Be careful about object ownership around NSOperation and NSOperationQueue

For recent years, Apple people concentrated more on iOS than Mac OS X.
So, during that period of time, I’ve noticed that the quality of SDK for OS X and its documentation got worse.

In the case of NSOperation and NSOperationQueue, actually it was announced before the iOS was announced as far as I remember.
However, at that time, they were implemented around pthread or NSThread to provide eaiser pattern for multithreaded programming under specific scenario. ( Although those serial and pipe-like working model is quite convenient in many circumstances, but not always still. If you need more sophisticated interaction among threads, etc, you still need implementation with pthread/NSThread. )

Here is one example.
Were they clear about object ownership for NSOperation ( and its child classes ) when it’s added into a queue?
For tasks like it’s just queued and quickly consumed and gone, it will not easy to catch a case where an instance of a concrete children classes of NSOperation is deallocated while it’s in a queue and being processed.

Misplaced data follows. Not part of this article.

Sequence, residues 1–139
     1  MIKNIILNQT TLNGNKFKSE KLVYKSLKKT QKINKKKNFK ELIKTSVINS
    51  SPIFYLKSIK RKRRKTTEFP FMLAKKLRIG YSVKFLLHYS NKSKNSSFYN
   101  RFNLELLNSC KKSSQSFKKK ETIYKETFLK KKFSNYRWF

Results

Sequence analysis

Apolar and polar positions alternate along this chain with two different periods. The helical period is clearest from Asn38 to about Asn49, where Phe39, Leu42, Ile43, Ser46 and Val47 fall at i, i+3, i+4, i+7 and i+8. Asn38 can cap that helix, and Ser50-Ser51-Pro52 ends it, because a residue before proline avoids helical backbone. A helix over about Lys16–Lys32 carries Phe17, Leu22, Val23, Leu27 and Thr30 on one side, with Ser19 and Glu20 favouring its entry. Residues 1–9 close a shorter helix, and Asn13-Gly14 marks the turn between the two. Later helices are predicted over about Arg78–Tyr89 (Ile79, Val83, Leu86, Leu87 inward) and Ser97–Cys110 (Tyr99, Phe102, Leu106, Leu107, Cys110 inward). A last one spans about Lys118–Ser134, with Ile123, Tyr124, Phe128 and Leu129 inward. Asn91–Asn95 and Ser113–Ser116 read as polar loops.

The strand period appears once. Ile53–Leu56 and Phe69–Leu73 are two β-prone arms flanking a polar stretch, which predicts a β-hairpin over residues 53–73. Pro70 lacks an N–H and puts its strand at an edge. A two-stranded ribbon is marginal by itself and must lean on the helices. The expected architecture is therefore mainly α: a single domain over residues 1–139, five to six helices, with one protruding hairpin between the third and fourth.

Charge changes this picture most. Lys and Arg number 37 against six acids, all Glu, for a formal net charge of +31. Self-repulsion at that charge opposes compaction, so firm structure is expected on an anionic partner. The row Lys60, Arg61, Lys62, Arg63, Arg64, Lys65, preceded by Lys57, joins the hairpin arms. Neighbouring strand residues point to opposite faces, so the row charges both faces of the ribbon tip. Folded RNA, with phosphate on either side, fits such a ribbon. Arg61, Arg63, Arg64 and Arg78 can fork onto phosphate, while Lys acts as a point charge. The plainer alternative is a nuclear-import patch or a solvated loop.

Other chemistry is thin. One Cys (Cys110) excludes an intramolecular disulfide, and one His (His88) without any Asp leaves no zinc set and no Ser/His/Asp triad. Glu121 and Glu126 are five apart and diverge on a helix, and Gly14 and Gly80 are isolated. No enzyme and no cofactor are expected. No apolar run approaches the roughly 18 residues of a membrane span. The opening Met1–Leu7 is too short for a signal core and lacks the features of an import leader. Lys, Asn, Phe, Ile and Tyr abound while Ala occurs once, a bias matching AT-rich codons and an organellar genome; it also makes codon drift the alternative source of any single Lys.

However, today I did noticed such a case. So, be careful about this thing.
Making a pattern around something looks cool. It may show yourself a very skillful developer. By glancing at that kind of code, people can think of you as such.
However, it’s only skin-deep.

OperationQueue, Operation and ownership

ADDED : According to the document of NSOperationQueue, it says for addOperation:

Parameters
operation
The operation object to be added to the queue. In memory-managed applications, this object is retained by the operation queue. In garbage-collected applications, the queue strongly references the operation object.

So, at least it’s said to retain the operation. But be careful about it.

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